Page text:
Bulbourne Yard is an historically important purpose built canal maintenance yard that operated for nearly two centuries, only moving when the buildings could no longer accommodate mechanised production. The Listed buildings are unmatched on the canal network for their completeness.
The Grand Junction Canal was constructed as a short cut from Brentford in West London to Braunston in the industrial Midlands. The Act of Parliament to allow the canal to be constructed was passed in 1793, and after raising £600,000 though private venture capital, construction started in the same year at the two ends of the canal simultaneously.
The canal carried commercial cargo, and also packet boats that carried passengers, luggage and mail, but struggled with competition from the railways by the mid 19th century. At first the canals and railways did coexist, the railways concentrating on transporting passengers and light goods and the canals on moving the bulky and heavy goods. By the 1850s the railway system had become well established and the amount of cargo carried on the canals had fallen by nearly two-thirds. The canals survived through the 19th century largely by occupying the niches that the railways had missed, or by supplying local markets such as the coal-hungry factories and mills of the big cities. However, as road networks increased in the mid 20th century the canals were largely unable to compete. In 1948 the Grand Union was nationalised.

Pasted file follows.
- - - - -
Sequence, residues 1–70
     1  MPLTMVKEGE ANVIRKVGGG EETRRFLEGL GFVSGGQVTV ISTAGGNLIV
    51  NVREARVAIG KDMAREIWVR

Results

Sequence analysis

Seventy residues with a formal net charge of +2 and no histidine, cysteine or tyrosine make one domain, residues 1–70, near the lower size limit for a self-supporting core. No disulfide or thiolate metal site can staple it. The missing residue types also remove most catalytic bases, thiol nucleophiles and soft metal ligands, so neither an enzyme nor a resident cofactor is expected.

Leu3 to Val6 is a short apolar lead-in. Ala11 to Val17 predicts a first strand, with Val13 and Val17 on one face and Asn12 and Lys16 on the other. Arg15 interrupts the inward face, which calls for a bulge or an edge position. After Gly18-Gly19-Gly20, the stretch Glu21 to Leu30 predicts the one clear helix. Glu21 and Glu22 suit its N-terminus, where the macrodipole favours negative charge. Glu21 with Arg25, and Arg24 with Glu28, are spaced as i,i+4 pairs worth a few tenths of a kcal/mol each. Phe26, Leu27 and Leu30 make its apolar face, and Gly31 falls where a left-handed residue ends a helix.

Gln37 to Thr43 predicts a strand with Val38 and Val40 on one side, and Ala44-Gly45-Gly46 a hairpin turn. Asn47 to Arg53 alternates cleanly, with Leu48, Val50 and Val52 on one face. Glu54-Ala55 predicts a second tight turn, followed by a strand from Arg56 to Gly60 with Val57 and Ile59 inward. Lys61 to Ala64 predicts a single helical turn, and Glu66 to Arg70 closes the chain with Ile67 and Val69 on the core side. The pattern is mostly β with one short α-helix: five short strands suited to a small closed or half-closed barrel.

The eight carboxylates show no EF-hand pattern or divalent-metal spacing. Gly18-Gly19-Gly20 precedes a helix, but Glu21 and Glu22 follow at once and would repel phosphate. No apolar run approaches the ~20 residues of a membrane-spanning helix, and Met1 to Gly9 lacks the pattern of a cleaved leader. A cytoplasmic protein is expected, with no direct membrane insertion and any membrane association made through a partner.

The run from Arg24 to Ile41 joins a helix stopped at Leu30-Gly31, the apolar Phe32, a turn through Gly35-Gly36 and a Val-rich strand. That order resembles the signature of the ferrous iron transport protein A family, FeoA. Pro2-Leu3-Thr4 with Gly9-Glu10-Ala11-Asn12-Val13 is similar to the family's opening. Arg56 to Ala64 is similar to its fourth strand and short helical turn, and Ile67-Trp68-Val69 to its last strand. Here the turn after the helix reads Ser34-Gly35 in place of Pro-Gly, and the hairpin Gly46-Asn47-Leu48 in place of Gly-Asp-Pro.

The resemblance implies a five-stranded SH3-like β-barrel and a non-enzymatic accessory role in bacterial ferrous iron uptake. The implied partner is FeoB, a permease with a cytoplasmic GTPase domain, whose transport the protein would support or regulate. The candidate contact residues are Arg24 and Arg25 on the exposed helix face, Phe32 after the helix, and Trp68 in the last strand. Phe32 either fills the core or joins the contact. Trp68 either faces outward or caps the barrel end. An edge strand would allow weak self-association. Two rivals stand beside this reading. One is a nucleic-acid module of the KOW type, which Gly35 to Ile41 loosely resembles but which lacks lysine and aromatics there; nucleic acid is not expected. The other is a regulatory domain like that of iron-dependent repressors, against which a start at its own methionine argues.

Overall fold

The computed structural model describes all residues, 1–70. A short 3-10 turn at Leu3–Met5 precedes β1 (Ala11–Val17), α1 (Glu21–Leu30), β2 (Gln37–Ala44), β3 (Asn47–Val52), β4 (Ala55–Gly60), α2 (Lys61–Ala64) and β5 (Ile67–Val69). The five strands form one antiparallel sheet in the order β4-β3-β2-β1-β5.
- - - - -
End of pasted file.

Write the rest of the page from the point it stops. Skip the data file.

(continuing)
The Yard was purpose built as a canal maintenance yard, manufacturing gates and repairing canals for the Southern canal network for nearly two centuries.
The Yard is a series of historic and Listed buildings are unmatched on the canal network for their completeness.
Our site in chronology:
- By 1811 there appears to be a house in the current location of Plot 14. This was named the surveyor’s house, the surveyor (or engineer) being James Barnes. It is likely this is refers to the origin of the current house.
- The four listed buildings date from 1849, built as bespoke workshops.
- The three cottages at the entrance to the site were built in 1893, and were occupied by canal workers, the last leaving in 2016.
- In 2003 the manufacture of lock gates ceased as the buildings could no longer accommodate mechanised production. Canal and River Trust continued to use the base and the water side access until 2019, but will return once the site is completed.
- 2019 works start for conversion to homes and a new office for Canal & River Trust.